Wang Yu Qing
How many times have you seen that strapline shouting “30% off this Christmas”? Or a warm and fuzzy video? An advertisement filled with Santa Claus and festive decorations? You’re probably tired of seeing these, especially when many Christmas campaigns look so similar. Holiday season is a great way to make an impact. Yet it’s becoming harder and harder to capture interest and build excitement in this crowded market. Customers are becoming more and more discerning about what’s worth their energy. How then can you prevent your campaign from being lost in the sea of Christmas advertisements? Here are the top 3 areas that you should watch out for!
1. Grounding the campaign on discounts and promotions
Yes, customers all love discounts and promotions, and discounts and promotion can bring in sales numbers. But we’re talking about good holiday campaigns here. There is only so much a short-term promotion can do. Yet brands often fall into the trap of grounding a holiday campaign on product offerings. I’m not saying that we should abandon promotions altogether. But a campaign that doesn’t tie up with the brand may fall short of generating impact.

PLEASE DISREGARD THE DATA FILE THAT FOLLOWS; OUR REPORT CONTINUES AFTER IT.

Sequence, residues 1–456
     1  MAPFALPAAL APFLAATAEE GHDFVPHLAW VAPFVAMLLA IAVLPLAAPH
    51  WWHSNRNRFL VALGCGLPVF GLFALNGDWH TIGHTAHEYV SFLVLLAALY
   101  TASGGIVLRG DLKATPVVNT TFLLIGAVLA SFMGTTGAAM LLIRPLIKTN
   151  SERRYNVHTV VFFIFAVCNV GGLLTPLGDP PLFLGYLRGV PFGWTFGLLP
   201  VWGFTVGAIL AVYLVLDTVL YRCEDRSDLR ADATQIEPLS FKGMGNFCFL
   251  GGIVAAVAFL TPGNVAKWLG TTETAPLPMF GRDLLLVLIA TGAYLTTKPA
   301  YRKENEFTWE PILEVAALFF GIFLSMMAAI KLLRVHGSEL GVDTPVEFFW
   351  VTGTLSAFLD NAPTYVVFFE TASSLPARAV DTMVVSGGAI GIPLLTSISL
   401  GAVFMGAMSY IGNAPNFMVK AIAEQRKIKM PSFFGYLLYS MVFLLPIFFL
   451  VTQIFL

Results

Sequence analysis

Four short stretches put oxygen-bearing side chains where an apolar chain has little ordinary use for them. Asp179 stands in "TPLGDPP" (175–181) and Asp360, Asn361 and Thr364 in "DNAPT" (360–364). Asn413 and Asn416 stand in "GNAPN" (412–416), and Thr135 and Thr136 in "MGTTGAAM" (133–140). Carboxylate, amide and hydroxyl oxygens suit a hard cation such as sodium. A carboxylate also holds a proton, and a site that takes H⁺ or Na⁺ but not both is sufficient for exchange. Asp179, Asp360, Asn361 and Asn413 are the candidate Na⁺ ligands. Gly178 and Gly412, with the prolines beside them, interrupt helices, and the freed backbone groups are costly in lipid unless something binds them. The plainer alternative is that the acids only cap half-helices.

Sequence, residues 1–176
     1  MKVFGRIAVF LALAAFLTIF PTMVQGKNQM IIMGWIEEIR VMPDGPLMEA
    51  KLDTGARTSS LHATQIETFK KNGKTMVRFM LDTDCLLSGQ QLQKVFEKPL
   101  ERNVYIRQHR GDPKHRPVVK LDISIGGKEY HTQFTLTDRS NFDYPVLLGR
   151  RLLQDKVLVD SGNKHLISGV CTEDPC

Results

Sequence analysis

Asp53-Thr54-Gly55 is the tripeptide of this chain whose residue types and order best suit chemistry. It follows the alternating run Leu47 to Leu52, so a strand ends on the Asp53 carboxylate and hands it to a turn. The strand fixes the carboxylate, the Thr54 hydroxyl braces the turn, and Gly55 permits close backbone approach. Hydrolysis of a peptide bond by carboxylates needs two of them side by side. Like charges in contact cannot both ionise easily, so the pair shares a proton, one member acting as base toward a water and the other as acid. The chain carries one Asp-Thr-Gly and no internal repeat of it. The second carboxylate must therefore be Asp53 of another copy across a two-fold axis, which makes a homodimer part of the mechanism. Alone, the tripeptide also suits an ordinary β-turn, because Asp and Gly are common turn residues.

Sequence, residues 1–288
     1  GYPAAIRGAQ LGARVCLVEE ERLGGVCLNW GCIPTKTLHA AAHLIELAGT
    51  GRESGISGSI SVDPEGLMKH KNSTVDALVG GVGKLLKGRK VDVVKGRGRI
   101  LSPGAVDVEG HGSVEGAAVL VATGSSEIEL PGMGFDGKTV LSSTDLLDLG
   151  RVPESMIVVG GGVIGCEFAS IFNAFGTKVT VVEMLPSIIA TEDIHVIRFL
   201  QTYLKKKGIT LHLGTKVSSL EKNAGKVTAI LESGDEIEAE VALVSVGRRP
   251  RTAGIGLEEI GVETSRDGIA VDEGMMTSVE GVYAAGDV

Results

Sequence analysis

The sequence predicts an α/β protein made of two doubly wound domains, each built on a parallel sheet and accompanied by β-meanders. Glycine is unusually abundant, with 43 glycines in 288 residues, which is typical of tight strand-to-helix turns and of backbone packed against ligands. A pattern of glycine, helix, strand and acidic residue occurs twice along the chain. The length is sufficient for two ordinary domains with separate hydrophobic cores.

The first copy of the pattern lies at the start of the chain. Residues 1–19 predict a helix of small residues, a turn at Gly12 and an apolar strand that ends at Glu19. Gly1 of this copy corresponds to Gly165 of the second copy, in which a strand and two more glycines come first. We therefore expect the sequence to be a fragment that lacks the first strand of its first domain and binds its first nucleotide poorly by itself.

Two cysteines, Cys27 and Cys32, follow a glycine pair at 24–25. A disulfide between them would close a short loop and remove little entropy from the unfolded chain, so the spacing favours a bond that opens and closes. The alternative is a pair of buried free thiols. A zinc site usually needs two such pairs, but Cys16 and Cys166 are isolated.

A successful holiday marketing strategy can be as easy as providing content pieces that lift the spirits of your customers, inspiring them or providing a solution, and engaging with your followers on social media via quizzes or contests. There are so many ways to inspire more anticipation and excitement. And your campaign will create more stickiness if it offers something other than a discount.
HotelTonight: Visit, Don’t Stay
HotelTonight’s cheeky campaign in 2016 wonderfully illustrates
- how to provide relevant and relatable content that solves a holiday problem
- the importance of user engagement
And the result? They shot to fame! HotelTonight took a common unpleasant situation of staying with family over holiday, provided a simple solution, and spinned it in a clever and humorous manner. Although it was made specifically for the holidays, the messaging and the impression it creates last far beyond that. Oh and of course, this could perhaps show that not all Christmas ads need festive reds or greens. Besides the quirky visuals, HotelTonight also ran a Facebook contest, asking for best family holiday stories.
Instead of just offering a discount, think about how your products or services can solve a problem in the holiday season. Leverage on that solution to build your Christmas campaign, across different formats and channels to engage with the audience.